Wal-Mart Stores Inc. is in the midst of its worst U.S. sales slump ever.
When it reports earnings on Tuesday, the retailer is widely expected to post its second straight year of declining domestic same-store sales.
Wal-Mart's struggles are the result of a misstep: To jump-start lethargic growth and counter the rise of competitors such as cheap-chic rival Target Corp., executives veered away from the winning formula of late founder Sam Walton to provide "every day low prices" to the American working class. Wal-Mart, the world's biggest retailer by sales, instead raised prices on some items while promoting deals on others.
Company executives acknowledge having miscalculated and are adjusting their strategy again. The big question is how quickly the mammoth chain can turn itself around.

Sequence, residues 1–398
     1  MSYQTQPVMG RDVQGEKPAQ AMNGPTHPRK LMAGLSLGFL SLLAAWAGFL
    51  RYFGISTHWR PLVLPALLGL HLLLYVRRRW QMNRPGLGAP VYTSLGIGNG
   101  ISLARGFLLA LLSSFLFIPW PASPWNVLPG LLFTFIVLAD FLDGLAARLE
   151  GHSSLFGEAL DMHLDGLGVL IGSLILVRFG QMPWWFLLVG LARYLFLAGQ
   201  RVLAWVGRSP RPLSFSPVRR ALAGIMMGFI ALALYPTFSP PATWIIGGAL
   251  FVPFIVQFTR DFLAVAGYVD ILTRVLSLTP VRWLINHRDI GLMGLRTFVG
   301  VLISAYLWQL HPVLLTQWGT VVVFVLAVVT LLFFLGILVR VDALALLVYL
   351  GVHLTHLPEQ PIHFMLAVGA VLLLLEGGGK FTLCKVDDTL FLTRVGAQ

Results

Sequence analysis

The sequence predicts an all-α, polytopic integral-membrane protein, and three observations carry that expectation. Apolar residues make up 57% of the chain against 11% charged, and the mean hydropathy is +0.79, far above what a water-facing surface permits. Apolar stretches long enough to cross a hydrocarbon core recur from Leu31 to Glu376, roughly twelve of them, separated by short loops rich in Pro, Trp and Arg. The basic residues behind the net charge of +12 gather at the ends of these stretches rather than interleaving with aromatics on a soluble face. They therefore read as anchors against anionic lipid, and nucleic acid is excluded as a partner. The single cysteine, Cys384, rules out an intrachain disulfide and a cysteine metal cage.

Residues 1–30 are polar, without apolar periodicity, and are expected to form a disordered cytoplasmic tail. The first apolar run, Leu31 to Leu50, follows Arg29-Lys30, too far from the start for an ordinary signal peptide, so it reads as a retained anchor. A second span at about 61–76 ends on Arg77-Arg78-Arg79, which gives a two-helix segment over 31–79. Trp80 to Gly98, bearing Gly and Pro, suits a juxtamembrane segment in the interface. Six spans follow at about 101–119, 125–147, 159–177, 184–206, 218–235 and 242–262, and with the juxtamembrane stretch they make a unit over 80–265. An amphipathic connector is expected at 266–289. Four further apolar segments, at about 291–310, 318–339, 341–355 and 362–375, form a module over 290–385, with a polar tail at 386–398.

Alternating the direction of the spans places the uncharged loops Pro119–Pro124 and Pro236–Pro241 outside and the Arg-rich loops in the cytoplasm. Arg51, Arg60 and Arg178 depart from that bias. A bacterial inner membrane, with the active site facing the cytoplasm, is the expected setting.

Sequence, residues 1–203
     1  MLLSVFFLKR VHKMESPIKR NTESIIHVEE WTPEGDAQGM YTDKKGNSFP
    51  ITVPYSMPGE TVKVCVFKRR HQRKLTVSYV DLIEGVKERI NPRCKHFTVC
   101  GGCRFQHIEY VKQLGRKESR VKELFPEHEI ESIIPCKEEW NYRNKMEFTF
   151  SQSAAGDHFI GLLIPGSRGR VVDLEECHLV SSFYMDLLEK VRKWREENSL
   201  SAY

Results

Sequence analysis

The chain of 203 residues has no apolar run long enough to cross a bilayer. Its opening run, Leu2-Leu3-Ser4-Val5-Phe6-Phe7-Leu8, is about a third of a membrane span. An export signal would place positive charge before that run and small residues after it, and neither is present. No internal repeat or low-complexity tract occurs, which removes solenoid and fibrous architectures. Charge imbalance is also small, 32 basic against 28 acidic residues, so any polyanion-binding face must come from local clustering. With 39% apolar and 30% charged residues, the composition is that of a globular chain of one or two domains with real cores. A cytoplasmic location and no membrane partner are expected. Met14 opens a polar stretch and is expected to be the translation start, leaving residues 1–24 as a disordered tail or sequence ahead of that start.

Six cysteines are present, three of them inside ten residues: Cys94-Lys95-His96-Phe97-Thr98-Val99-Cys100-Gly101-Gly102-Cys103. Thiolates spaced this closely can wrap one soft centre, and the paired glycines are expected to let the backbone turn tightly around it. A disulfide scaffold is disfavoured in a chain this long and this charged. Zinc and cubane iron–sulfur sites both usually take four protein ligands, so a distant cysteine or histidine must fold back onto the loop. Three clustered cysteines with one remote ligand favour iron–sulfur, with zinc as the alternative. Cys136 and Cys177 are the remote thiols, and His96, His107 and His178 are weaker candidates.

Wal-Mart's shift from its traditional core customer manifested itself in numerous ways. A foray into organic foods didn't catch on with discount shoppers. A push to sell trendy fashions like skinny jeans bombed. And an attempt to cut clutter in stores to attract higher-income customers wound up undermining Wal-Mart's appeal to its traditional audience.
The Bentonville, Ark., chain's up-market push, which began before the recession, succeeded in attracting some well-heeled customers, but at great cost. Wal-Mart lost its iron grip on U.S. households earning less than $70,000 a year—which made up 68% of its domestic business—to other discounters.
"The basic Wal-Mart customer didn't leave Wal-Mart. What happened is that Wal-Mart left the customer," said former Wal-Mart executive Jimmy Wright, who supervised the company's distribution networks from 1992 to 1998 before leaving to co-found consulting firm Diversified Retail Solutions.